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Over a Week Since Flooding, Dead Animals Litter Onion Creek

Mose Buchele, KUT News

A dead horse, dog, goat, and deer were among the putrefying animals that clean-up volunteers found today along a small strip of Onion Creek in the Bluffs Springs neighborhood of Travis County. 

"Somebody should be helping, at least coming and getting these animals out of here. I mean, they're decaying where [people] live," said Lina Meaux, a volunteer helping in the cleanup efforts.

When told by KUT about a dead horse rotting in the waters of the creek, a member of the Austin Disaster Relief Network, a church-based aid group, said he would notify animal control. The man said the dead animals posed an immediate health concern and that his group was having trouble keeping children away from the creek.

He would not give his name because he was not authorized to speak with the media.

At the staging headquarters for the volunteer effort, Daniel Geraci, the executive director of the Austin Relief Network, said volunteers were finding many animals.

"Bluff Springs is an area where there were farm animals, so there's quite a few that need to be removed," said Geraci. "That is a health risk and I'm calling animal control now to see if I can get those guys out there."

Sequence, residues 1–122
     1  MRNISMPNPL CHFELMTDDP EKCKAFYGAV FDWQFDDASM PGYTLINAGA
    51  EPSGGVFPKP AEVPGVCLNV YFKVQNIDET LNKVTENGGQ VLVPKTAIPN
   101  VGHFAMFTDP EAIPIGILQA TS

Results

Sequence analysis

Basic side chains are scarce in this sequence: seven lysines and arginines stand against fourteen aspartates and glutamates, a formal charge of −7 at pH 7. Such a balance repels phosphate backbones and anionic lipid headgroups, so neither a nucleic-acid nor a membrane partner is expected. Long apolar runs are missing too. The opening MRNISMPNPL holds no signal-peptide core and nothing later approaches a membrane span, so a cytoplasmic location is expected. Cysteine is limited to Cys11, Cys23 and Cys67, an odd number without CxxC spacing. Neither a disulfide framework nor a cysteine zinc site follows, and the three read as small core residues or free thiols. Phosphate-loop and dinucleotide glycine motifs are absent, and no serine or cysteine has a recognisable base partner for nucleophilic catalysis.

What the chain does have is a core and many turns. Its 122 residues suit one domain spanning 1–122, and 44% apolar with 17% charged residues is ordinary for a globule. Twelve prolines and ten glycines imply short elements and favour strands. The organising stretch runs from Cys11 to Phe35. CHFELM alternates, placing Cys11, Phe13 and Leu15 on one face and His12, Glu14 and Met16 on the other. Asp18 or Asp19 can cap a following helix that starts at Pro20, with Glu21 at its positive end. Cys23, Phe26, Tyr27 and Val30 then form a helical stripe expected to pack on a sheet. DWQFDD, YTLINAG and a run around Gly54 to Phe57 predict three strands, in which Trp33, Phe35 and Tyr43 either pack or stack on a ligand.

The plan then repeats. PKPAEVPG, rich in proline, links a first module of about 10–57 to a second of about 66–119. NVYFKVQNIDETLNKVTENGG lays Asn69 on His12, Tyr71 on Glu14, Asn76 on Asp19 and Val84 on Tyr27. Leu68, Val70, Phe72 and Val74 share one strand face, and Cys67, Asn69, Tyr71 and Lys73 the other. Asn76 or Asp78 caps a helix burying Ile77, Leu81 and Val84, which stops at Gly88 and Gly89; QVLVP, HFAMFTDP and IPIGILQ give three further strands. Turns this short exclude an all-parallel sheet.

The discovery of so many rotting animals underscored what residents in the area called a lack of attention paid to the Bluff Springs neighborhood.

Debbie Lozano, who has been sleeping in a tent with her boyfriend in front of their flood-ravaged home, said Saturday was the first day anyone has come to help remove debris or help with clean up.

"They just all showed up today and it's like a miracle," she told KUT. "It felt like were were out here all by ourselves, nobody was trying to help. It felt like we're literally on a desert island!"

Editor's note: This story originally contained a photo of a dead horse laying in Onion Creek. As reflected in the comments below, several people found the image offensive. After some consideration, KUT has decided to remove the photo. 

Mose Buchele focuses on energy and environmental reporting at KUT. Got a tip? Email him at Follow him on Twitter @mosebuchele.
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